Tourism: Marriott sees Strong growth in Africa with South Africa and Egypt leading
Despite a challenging economic climate and a looming general election, major global entities in the hospitality industry still see South Africa as a big market with strong investment opportunities.
Arne Sorenson, chief executive officer of Marriott International, the US multi-national hospitality giant which recently launched its first AC brand hotel in Cape Town said there were quite a number of strong markets across Africa, with South Africa being the biggest market on the continent, followed by Egypt.
“So we’ve got nearly 140 hotels open in Africa and about 60 are in development. These are signed deals where construction is underway or is soon to begin and some are scheduled openings. So you can see the growth in those numbers which we are pretty excited about,” said Sorenson during an interview with the African News Agency (ANA) in Cape Town this week.
“I think at the moment and for the foreseeable future, South Africa itself is our biggest market in Africa. I suppose if you include North Africa, Egypt will be our second. When we look at the next few years, we would see a number of markets in Africa which are really quite strong but South Africa is a place we’re very optimistic about, notwithstanding the fact that last year we had water crisis and at the moment business is still recovering from that, but we think here the potential here is pretty strong,” he added.
Late last year, Marriott International announced its growth plans for Africa, revealing that the intention was to grow the portfolio of hotels on the continent to 200 hotels over the next five years.
Sorenson said plans have been put in place and the company was working with local partners in those markets, partners who have financial resources and local expertise and knowledge that they can put to work in getting the hotels developed.
Marriott last week opened its 7,000th hotel in Hong Kong and is looking to open a further 1,700 hotels across the world in the next three years. “Our estimate is that we will open about one hotel every 15 hours for the next three years. We employ about 730,000 people around the globe who wear our name tag every day.”
In South Africa, the company has close to 60 hotels open, including 13 in Cape Town, with five more under development in South Africa, two of them being in Cape Town.
“I think there are two trends that I would like to call out that are certainly in South Africa. One is about the growth of the middle class which we are seeing all around the world, including here. For the first time, there are people who have access to the sort of resources that allow them to have some discretionary spending. So many of them are deciding that travel is one of the things that they would like to experience,” explained Sorenson.
Secondly, he said there was a good reason to believe that the South African government would continue to value tourism since it was an engine for creating jobs and a major contributor to economic growth.
“And of course, country to country, that varies significantly. But it’s a strong global average,” said Sorenson, adding that hospitality companies were looking for long term investments and relied on assessments on long term investment risks and not necessarily on the political environment around the globe.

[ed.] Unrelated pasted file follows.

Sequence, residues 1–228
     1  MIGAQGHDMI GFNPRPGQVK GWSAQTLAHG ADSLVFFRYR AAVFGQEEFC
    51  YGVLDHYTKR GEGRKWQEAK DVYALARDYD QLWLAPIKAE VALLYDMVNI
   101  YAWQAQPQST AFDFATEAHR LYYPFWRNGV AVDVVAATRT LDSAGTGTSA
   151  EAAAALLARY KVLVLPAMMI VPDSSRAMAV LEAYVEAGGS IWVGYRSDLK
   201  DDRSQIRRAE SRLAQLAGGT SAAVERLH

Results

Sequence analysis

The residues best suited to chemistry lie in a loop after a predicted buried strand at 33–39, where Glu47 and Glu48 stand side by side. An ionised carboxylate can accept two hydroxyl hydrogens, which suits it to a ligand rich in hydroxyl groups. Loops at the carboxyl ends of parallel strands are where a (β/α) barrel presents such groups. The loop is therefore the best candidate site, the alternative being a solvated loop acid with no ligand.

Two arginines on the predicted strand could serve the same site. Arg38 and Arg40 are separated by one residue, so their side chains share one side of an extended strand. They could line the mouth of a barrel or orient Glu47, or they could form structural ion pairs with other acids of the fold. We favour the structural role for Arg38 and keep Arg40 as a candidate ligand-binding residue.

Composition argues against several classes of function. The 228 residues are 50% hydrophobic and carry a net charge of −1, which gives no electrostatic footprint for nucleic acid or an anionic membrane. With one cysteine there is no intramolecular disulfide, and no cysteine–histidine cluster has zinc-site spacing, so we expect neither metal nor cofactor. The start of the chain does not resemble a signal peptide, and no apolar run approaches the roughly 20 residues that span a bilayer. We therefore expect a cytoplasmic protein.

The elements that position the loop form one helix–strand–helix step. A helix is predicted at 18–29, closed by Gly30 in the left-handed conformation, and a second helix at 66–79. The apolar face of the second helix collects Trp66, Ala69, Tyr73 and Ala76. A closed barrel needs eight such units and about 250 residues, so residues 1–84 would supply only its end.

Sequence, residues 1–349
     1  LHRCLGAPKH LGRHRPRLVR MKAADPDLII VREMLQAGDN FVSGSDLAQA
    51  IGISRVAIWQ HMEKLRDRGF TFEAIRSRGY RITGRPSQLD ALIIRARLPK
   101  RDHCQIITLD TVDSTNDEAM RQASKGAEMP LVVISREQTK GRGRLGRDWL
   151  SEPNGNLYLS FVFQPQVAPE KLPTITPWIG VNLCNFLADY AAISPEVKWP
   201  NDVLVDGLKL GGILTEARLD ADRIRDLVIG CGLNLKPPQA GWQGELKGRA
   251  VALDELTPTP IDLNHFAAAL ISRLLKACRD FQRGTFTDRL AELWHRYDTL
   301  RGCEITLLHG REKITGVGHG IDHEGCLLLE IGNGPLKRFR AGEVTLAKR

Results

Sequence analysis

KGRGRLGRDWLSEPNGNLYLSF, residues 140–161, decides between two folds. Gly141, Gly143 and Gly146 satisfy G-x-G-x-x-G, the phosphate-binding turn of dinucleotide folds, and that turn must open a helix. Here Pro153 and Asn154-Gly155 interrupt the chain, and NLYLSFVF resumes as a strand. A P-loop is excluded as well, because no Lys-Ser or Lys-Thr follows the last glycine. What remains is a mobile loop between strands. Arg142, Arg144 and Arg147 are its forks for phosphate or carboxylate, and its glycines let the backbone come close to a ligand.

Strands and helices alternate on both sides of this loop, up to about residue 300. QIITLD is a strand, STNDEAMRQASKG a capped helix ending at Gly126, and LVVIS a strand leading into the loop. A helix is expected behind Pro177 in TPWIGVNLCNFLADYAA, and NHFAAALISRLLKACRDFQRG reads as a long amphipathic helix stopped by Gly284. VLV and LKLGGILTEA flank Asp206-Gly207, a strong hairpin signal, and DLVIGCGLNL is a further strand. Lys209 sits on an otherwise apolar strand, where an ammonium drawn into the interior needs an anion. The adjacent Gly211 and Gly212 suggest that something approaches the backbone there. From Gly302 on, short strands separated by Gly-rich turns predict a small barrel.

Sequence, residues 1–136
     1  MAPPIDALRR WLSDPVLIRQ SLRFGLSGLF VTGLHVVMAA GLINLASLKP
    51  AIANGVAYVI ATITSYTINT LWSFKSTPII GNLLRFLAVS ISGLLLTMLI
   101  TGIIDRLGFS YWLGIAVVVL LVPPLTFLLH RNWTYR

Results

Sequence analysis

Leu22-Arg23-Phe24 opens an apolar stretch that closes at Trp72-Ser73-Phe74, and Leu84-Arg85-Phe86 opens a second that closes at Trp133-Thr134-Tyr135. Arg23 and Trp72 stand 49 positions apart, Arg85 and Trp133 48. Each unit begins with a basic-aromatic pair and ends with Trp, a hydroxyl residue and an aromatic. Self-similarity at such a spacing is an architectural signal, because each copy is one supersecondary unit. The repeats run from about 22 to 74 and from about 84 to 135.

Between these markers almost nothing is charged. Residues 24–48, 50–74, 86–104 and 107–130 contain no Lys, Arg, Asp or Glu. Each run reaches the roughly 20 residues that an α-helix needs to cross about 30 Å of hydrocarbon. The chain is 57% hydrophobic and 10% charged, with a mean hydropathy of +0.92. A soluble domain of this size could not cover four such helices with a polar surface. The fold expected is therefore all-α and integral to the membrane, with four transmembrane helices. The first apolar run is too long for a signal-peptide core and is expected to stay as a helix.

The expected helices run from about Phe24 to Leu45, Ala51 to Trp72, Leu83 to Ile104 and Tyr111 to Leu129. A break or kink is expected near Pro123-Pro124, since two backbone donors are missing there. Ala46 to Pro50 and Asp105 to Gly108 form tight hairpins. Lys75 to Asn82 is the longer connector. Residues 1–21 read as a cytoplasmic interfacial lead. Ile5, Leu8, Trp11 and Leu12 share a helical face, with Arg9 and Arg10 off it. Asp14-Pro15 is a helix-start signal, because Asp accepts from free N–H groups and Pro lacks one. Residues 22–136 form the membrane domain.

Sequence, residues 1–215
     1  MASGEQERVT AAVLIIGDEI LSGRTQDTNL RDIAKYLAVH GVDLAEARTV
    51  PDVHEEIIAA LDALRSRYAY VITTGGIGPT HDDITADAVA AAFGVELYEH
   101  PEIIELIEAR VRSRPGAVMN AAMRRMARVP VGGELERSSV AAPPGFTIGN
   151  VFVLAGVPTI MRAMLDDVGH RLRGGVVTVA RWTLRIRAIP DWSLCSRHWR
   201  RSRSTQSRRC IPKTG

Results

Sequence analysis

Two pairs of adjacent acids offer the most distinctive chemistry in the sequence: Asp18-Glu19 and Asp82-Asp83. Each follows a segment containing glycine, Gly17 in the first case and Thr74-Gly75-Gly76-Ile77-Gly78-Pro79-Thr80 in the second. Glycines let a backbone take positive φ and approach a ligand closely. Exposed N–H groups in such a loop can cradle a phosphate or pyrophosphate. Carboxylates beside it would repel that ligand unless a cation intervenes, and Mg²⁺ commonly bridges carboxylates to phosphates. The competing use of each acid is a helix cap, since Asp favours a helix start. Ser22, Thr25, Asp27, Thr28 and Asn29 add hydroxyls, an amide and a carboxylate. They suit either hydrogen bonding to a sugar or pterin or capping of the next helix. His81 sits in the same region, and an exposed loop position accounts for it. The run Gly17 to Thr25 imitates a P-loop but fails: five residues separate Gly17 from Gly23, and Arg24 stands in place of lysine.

“This hotel opening here (Cape Town) will be operating for the next 25 to 45 years. The location is excellent and the product is excellent. Our partners’ assessments are not necessarily about what the risk will be six months from now, in particular political development, but it is about what the risk over the long term will be, especially is we were to end up in an environment in which there is no economic growth,” he said.
According to Sorenson, Marriott, as a major global company, was interested in building a business that made financial sense and would be sustainable from an economic perspective over the long term.
Asked what the Fourth Industrial Revolution (4IR) meant to Marriott, he said technology is increasingly relevant to every single thing a business does.
“It’s still a very evolving story. I think we still need to see in the next number of years how it will impact the industry. I sometimes joke that the only landline telephones left are the telephones in hotel rooms. We need to make sure that we are communicating with our guests through their mobile devices and one of the changes that is underway is allowing guests to bypass the front desks and open their room using their mobile phones.
Globally around 2,000 of our hotels have mobile check-in. I think we will use technology to know you better as our guest so that we can know your preferences, to know if you are a member of our loyalty programme or simply to understand your travel history, Sorenson added.
On the impact of home sharing platforms such as Airbnb and calls to regulate the sector, which has taken on the established bed-and-breakfast and hotel industries, Sorenson said that while such platforms had grown significantly and were a form of competition to the hotel industry, not all levels and quality of businesses were the same.